Celebrating America’s brave men and women

Celebrating America’s brave men and women 

On Nov. 11, Veterans Day, we celebrate the brave men and women who are serving or have served in the U.S. Armed Forces. UF Health is honored to have many veterans in our workforce and in this edition of News&Notes we share the stories of two veterans we are proud to call our colleagues.

Chris Drum
ShandsCair regional manager
UF Health Business Development

Chris Drum joined the UF Health Business Development team in March as the ShandsCair regional manager. He visits and builds relationships with every hospital, EMS and fire service that sends patients to UF Health Shands facilities. Drum’s experience in the U.S. Armed Forces helped him leverage his skills into a successful career in emergency medicine.

Drum joined the U.S. Armed Forces in 1995, when he was 25. A friend in the National Guard dared him and Drum went to a recruiter’s office and signed up. It took his family and friends by surprise and some thought he was too old to join.

Drum enlisted as a 91 Bravo Army Combat Medic-Airborne. After basic training — where he was affectionately called “grandpa” by other privates — he went on to combat medic training and airborne school. Later he was sent to Bayne-Jones Army Community Hospital in Ft. Polk, Louisiana, for three years. There he learned to handle every position in the emergency room, from logging patients in admissions to providing direct patient care.

After his experience in the U.S. Army, Drum went on to Santa Fe College’s Paramedic Program. Prior to joining UF Health, he worked for three different rural emergency services, two hospitals and a trauma center, in jobs ranging from flight medic to EMS director for an entire county.

“The Army helped me in many ways. I learned so much working with talented doctors, nurses, paramedics and other combat medics,” Drum said. “They taught me that you never know it all and a patient is someone’s brother, mother or child … and not a number. Our patients deserve our humility.”

Kathryn Hitchcock, M.D., Ph.D.
Resident physician
UF College of Medicine radiation oncology

Kathryn Hitchcock, M.D., Ph.D., moved to Gainesville two years ago when she was selected to join the UF College of Medicine’s Radiation Oncology Physician Resident Program, considered one of the premier programs in the nation. Previously, she proudly served her country and was one of the first female officers on the deck of a nuclear aircraft carrier.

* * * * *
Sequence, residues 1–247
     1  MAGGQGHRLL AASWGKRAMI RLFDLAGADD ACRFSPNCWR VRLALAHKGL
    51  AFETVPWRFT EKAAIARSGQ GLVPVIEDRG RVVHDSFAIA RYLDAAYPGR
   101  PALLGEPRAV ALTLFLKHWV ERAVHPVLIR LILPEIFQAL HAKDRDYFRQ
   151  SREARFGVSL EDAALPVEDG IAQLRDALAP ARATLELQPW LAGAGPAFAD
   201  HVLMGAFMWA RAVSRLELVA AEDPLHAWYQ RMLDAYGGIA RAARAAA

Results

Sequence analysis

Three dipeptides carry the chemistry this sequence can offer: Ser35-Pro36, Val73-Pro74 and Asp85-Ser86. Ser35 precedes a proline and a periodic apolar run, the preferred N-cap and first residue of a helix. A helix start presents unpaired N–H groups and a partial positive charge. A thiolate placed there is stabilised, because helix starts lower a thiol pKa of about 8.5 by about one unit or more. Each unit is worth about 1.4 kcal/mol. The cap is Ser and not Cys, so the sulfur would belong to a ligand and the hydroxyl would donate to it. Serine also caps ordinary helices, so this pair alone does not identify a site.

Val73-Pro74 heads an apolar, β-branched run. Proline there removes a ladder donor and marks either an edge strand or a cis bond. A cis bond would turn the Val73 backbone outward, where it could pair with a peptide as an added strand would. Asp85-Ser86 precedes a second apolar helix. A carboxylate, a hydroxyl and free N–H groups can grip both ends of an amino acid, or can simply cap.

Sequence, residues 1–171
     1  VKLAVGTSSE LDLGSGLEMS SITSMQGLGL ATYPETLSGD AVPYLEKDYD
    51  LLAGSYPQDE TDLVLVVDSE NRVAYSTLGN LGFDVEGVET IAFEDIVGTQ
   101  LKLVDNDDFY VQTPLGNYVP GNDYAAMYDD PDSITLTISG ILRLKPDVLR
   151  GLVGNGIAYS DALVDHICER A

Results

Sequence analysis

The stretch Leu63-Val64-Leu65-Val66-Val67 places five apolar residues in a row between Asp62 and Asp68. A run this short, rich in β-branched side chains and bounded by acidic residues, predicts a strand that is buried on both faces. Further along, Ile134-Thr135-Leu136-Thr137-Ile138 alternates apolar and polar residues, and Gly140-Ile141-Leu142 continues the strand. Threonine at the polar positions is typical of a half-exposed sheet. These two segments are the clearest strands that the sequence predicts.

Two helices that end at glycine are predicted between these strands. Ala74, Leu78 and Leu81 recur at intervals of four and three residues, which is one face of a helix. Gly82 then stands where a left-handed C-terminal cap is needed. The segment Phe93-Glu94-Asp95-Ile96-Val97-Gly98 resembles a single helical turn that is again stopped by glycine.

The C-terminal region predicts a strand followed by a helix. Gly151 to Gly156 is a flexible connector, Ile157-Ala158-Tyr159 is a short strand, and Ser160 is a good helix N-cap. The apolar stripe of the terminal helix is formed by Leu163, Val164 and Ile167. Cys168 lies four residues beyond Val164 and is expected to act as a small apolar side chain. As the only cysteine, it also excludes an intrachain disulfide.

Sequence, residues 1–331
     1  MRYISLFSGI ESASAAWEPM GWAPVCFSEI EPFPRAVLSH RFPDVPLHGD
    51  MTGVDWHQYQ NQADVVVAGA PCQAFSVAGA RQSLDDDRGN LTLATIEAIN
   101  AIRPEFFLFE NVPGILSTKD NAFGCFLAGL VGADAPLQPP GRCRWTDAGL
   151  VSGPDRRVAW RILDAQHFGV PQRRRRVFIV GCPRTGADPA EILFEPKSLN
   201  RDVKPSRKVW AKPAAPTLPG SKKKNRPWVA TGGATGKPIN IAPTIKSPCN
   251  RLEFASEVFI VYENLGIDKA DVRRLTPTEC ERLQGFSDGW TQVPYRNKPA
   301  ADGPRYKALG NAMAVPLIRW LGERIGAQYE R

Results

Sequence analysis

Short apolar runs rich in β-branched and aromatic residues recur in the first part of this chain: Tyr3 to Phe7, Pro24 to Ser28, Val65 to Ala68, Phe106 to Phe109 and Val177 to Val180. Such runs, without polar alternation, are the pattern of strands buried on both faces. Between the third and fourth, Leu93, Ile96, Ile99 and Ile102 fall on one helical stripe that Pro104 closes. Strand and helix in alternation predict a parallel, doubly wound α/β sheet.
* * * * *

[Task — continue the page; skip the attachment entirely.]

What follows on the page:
It was during her time at the University of Wyoming that Hitchcock decided to join the U.S. Armed Forces to make a contribution to our country and save money for medical school. She graduated in 1996 with a bachelor of science degree in chemical engineering and joined the U.S. Navy. Hitchcock was one of the first women recruited to the United States Naval Nuclear Propulsion Program. She describes the program’s basic training as the intellectual equivalent of the Navy Seals BUD/S training and studied in the program for two years before heading out to sea.

At that time, U.S. Congress had recently opened the ships to women and she was sent to the USS Enterprise, the world’s first nuclear-powered aircraft carrier. She worked exclusively in the reactor plants for a year, but was then sent to the ship’s bridge to learn to drive the 93,000-ton ship.

“Apparently I had a flair for ship driving and spent more time on the bridge than doing nuclear work,” said Hitchcock. “During my time driving the ship, I crossed the Suez Canal four times and went to Iraq multiple times.”

After coming back for shore duty, she taught at the U.S. Naval Academy in Annapolis, Maryland for four years. She taught navigation and also strategy and tactics and was in charge of the academy’s largest summer training program.

She went on to get her masters of mechanical engineering from the University of Maryland and then a medical degree and doctorate degree in biomedical engineering from the University of Cincinnati.

“Being in the Navy was great preparation for what I do now as a physician,” said Hitchcock. “I learned to make decisions when others put their lives in my hands and to translate technical treatment to those with no technical training — two things that I do every day with my patients.”